Sun Salutations B, or Surya Namaskar is an elaboration upon the budding strength of the Sun A sequence. Here we continue to reach for the heavens with our arms our stretched, and with our hearts open in faith; we fall bending into ourselves before finding our bodies completely upon the earth. Remembering to be strong while we stretch sending breathe to our trembling muscles when they want to give up. The instructor stands at the front reminding gently, just breathe, with the fire of the breathe all strength becomes energized and relaxation is possible even in the most complex posture. All of this motion to build the strength much as the child ever growing taller and stronger as she moves through the stages of life.j-tyree-yoga120

From the strength and exhaustion cultivated through the sun salutations many instructors will move on to a balancing series. Balance takes even more strength and ideally our youth and teen years have afforded us the strength to stand up and fortify the balance which is sustained by our budding strength. Flowing through Crow, Balancing Half Moon, Airplane, Dancers Pose we breathe with our drishti or point of focus alignment, allowing ourselves to tremble while holding our poise. There will be times when you fall, the postures are complex and each day is different-sometimes our muscles feel weak and our balance is wobbly, no matter how hard you fall you must get back up, it is not yet time to quit or rest states your inner yogi.  Invariably you may learn in early and middle adulthood as you aim to acquire the balance of spouse, children, career, aging parents, we realize that balance does indeed fluctuate on a daily basis, we do our best. We hold our strength trying to remember to breath, enjoy the opportunities to smile, and remain present throughout while flowing through these roles of life.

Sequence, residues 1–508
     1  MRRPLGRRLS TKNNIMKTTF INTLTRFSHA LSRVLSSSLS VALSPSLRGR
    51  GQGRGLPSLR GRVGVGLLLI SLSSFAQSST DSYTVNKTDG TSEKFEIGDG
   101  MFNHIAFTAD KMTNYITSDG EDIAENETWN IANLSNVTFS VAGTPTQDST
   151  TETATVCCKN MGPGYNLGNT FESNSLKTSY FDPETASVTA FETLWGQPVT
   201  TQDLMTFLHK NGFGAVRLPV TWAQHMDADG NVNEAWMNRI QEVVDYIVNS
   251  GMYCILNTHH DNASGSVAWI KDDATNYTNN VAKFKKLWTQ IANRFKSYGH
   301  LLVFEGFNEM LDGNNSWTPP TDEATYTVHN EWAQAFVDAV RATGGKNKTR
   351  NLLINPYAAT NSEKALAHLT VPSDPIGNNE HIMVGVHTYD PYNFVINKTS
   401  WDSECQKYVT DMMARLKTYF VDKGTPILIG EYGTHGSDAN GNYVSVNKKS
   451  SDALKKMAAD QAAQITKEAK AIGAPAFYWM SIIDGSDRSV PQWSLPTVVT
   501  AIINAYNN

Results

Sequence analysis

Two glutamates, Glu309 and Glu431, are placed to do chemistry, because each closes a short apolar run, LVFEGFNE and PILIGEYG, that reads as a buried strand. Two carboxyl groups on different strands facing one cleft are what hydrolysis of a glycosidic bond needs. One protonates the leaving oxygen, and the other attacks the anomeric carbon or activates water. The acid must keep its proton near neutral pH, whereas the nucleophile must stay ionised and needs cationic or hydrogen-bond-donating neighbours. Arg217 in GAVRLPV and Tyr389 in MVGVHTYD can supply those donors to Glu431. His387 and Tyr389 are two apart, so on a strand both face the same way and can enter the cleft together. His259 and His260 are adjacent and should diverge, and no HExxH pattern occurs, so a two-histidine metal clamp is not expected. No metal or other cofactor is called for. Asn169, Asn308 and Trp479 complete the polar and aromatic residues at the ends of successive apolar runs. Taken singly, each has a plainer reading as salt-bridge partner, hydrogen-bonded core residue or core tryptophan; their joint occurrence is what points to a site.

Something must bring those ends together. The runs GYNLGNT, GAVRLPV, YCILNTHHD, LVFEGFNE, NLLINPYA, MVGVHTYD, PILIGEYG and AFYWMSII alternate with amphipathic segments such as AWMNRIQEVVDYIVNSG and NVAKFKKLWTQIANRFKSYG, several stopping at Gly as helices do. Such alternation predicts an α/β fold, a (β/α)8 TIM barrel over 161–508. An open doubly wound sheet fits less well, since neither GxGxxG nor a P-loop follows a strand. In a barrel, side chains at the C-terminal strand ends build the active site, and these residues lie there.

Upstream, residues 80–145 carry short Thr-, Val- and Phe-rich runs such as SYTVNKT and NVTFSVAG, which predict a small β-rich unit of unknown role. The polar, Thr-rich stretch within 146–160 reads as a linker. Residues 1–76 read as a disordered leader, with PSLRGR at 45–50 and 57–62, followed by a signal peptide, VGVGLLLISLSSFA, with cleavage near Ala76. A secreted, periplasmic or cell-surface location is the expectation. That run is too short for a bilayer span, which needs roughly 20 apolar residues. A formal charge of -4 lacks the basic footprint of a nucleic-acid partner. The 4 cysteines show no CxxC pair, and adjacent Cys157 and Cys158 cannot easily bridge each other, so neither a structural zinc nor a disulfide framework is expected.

As we gracefully propel ourselves to the hip opening sequence we are subtly reminded that all things which stand erect will eventually fall back to the ground. In our hip openers we are able to relax into all of that strength and effort which has been building in our bodies. All of the tension which we build is actively released as is this thing that we call life. Sometimes the greatest challenge that we have is to remain within stillness and unlock the pain and stress which is stored deep within the memory of our muscles. Oftentimes the most unusual thoughts may occur as you are settling into the tight hips, during the hip openers allow your mind to become aware of what it is thinking, it could be a great thought to journal about at a later time.